THE WORLD must look a little different from the bench, perhaps not so firm and hard and fast as it seems to your garden-variety citizen, the innocent sort who brings to the courts a belief that justice is rational, consistent, never swayed by race or creed. Judge Margaret Rizkalla of Victoria’s County Court is aware that the workings of the legal mind can be a mystery to the common folk, especially where sentencing is concerned, and she has gone to the trouble of explaining the imponderables she must wrestle when giving bad people what’s good for them.
“Sentencing is one of the most complex tasks a judge undertakes because it requires balancing a number of complex factors, both personal to the offender and particular to the offence, in order to provide a just and appropriate sentence, whilst at the same time providing justice to the offender. It isn’t a mathematical equation – in the final analysis it does require the individual judge to make a subjective assessment of all the relevant factors and to determine how they will be applied in fixing a sentence. It is never easy.”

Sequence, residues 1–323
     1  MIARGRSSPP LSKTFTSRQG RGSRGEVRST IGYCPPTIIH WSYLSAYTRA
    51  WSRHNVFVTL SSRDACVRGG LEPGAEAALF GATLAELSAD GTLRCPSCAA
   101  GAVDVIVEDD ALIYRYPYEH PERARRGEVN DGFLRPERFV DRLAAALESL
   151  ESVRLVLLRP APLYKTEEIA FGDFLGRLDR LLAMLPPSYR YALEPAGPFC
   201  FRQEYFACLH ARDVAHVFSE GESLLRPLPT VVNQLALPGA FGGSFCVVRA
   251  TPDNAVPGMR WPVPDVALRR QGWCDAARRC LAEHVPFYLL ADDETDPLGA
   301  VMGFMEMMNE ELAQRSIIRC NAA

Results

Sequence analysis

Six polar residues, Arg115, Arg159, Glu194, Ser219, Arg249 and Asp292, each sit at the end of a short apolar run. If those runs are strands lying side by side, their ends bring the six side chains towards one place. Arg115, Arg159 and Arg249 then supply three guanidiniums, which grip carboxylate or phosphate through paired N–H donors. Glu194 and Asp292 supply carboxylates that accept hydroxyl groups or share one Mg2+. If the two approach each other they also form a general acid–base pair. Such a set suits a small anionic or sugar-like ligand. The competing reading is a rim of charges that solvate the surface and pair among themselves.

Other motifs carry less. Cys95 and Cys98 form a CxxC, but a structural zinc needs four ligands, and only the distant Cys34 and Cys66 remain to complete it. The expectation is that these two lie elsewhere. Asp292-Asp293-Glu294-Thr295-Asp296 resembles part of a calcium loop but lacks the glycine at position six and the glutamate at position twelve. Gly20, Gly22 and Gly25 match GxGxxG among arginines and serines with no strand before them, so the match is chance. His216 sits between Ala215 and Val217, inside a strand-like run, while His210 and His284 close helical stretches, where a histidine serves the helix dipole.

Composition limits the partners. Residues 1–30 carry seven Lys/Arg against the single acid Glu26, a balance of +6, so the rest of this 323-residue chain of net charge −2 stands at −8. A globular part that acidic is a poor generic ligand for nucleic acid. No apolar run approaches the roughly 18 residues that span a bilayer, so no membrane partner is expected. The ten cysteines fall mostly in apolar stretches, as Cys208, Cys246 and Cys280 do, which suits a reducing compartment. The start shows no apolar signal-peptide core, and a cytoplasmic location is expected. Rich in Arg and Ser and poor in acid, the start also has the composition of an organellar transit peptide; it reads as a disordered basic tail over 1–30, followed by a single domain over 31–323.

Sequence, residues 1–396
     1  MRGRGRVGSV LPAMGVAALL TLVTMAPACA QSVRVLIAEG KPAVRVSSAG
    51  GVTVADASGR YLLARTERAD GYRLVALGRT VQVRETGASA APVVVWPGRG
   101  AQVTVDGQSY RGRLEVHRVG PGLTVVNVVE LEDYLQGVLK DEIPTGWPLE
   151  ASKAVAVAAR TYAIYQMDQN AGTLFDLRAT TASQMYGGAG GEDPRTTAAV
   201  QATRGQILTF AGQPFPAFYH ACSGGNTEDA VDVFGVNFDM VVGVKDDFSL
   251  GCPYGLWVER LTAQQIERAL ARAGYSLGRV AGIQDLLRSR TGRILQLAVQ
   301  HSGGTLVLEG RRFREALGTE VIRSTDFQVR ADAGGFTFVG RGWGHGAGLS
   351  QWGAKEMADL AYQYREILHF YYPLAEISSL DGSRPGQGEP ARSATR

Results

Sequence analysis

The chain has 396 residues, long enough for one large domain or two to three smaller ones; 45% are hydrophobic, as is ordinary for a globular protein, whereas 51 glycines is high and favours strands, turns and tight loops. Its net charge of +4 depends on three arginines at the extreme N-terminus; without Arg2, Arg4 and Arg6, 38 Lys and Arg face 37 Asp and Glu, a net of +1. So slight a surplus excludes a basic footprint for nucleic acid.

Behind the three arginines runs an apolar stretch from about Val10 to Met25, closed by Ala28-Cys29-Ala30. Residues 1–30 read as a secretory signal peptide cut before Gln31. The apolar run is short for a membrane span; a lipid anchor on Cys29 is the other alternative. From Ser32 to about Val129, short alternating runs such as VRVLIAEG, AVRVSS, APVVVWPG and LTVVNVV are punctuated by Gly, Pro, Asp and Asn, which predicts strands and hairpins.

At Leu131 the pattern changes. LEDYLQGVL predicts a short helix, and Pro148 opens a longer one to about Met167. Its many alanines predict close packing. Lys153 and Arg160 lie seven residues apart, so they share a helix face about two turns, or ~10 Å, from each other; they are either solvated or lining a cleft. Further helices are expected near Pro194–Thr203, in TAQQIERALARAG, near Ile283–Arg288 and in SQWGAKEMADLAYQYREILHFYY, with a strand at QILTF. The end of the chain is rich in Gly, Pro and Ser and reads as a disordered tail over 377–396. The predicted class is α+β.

Rizkalla must have put a good deal of thought into deciding the appropriate punishment for Damien Tektonopoulos, who masqueraded as a masseur and rubbed 14 women the wrong way. In 2007 Rizkala sent him away for ten years, with a minimum of eight to be served. It is impossible to feel sympathy for such a nasty piece of work, but his decade in a cage does raise an eyebrow after the judge’s latest “subjective assessment”, which saw Almahde Ahmad Atagore imprisoned for a series of very similar assaults. In the Libyan student’s case, however, the sentence was a mere five years, with his release anticipated in 2013. If Tektonopoulos feels hard done by after copping twice the time for essentially the same crime he needs to understand that Atagore had an excuse, at least as Rizkalla sees things. Being a Muslim, the way Australian women dress and behave could only inflame Atagore’s lusts.
“It seems you were very ill prepared to deal with cultural differences,” the judge told him. It is too late for Tektonopoulos to shrink his stretch by embracing the Prophet’s creed, but if the courts were to review Atagore’s sentence, perhaps with a view to adding a few years, it might make our homegrown perv a little happier to know that judges, some judges, really are opposed to discrimination based on race and religion.